Jericho: The Second Season DVD contains a few extra features worth checking out, most notably the alternate ending of the season finale, Patriots and Tyrants.  Having only seven episodes to work with, the creators of the show were asked to film two endings to the season in case the show were to be picked up for a third season.  The episode that actually aired was not the original ending.  In fact, the unaired ending was the original, offering the possibility for a new and very intriguing storyline.  I actually like the unaired ending a great deal more than the aired one.  The deleted scenes, although not plentiful, were interesting and I wondered at the reasoning behind cutting some of these scenes other than time constraints.  Rebuilding Jericho is a featurette in which we learn the rollercoaster ride that the cast and crew were put through thanks to a shocking CBS cancellation which led to a fan uprising culminating in the show’s reinstatement for seven episodes and possibly more.  The featurette showed just how much work it took to get everyone (cast and crew) back together and finish seven episodes in the time and with the money allotted for the project.  No easy task for sure, but the producers, crew and cast did an amazing job.  Nut Job is a featurette which describes how fans brought the show back and is a sort of thank you from the cast, crew and producers for all the work…and nuts…it took to get the job done.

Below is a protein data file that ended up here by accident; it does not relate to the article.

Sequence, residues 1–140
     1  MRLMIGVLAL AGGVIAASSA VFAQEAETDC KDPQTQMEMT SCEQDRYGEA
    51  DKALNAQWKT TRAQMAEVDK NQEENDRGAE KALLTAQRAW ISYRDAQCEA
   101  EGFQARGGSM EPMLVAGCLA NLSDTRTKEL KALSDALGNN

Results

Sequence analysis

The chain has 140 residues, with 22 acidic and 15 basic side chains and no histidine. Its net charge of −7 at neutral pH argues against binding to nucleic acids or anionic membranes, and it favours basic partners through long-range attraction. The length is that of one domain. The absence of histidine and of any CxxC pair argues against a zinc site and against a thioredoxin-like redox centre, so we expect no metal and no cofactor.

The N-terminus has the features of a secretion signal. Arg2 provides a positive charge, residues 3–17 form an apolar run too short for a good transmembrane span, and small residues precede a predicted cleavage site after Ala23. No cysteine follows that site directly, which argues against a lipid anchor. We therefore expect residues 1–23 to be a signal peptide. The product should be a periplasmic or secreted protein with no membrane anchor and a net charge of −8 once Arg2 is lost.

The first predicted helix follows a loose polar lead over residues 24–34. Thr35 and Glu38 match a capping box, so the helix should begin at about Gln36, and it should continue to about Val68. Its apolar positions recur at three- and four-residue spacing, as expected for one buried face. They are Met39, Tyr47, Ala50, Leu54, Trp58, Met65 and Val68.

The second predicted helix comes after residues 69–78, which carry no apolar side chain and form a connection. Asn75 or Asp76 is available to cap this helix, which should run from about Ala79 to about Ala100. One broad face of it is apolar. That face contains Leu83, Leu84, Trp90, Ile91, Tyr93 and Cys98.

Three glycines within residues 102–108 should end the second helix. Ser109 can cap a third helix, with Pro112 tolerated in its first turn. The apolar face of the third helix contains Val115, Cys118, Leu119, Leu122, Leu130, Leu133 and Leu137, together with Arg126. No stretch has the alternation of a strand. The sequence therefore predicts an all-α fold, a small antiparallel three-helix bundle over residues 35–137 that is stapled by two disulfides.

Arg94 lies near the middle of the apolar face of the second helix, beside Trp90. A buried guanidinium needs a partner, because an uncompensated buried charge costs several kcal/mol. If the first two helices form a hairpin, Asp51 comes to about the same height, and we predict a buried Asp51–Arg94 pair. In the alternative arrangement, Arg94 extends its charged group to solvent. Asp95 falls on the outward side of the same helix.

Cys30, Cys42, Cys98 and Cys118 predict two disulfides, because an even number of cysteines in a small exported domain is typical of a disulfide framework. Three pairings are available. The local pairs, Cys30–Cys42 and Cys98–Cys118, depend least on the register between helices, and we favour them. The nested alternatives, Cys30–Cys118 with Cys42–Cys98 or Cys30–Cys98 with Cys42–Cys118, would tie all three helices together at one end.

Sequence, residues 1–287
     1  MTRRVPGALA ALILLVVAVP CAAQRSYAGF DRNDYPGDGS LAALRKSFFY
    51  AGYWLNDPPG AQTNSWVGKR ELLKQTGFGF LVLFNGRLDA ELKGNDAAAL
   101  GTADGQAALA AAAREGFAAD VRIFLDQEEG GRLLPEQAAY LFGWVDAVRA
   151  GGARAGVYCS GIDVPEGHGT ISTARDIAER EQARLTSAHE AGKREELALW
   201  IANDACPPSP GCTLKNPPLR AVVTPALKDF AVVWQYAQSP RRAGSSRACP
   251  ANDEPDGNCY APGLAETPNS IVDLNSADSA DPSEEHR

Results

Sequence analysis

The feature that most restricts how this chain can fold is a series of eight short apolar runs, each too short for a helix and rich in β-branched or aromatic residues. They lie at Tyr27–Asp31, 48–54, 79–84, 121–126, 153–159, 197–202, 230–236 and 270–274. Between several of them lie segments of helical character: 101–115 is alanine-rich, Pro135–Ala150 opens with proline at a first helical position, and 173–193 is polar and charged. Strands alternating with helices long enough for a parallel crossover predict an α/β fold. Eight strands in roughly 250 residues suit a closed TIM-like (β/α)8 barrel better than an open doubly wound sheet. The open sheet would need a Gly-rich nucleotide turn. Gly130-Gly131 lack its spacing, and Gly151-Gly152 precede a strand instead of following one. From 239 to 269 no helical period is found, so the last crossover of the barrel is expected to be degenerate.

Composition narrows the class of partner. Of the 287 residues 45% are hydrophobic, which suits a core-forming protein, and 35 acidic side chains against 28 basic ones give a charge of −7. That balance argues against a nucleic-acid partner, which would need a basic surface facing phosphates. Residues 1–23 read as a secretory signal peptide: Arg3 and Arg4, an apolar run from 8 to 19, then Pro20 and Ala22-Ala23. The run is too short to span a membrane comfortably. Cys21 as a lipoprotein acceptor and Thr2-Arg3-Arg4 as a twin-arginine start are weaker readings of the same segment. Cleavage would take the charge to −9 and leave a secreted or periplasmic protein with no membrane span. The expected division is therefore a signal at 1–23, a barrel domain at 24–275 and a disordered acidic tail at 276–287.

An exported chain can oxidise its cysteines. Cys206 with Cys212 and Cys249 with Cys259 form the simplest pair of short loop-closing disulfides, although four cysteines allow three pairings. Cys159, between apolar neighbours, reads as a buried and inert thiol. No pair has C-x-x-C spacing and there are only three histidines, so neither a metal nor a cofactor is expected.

Now, $23.00 may sound like an awful lot to pay for seven episodes plus an alternate ending and a few decent special features, but as a fan of the show and someone who thinks CBS definitely jumped the gun in cancelling this series, I say that the price is perfect.  For those of you who want both seasons in one DVD set, you should check out Jericho - The Complete Series, but be warned, the special features are different in this set.  I’m quite happy with my Jericho: The First Season and Jericho: The Second Season DVD sets and wouldn’t trade them for anything.  In fact, I can’t wait to watch them again!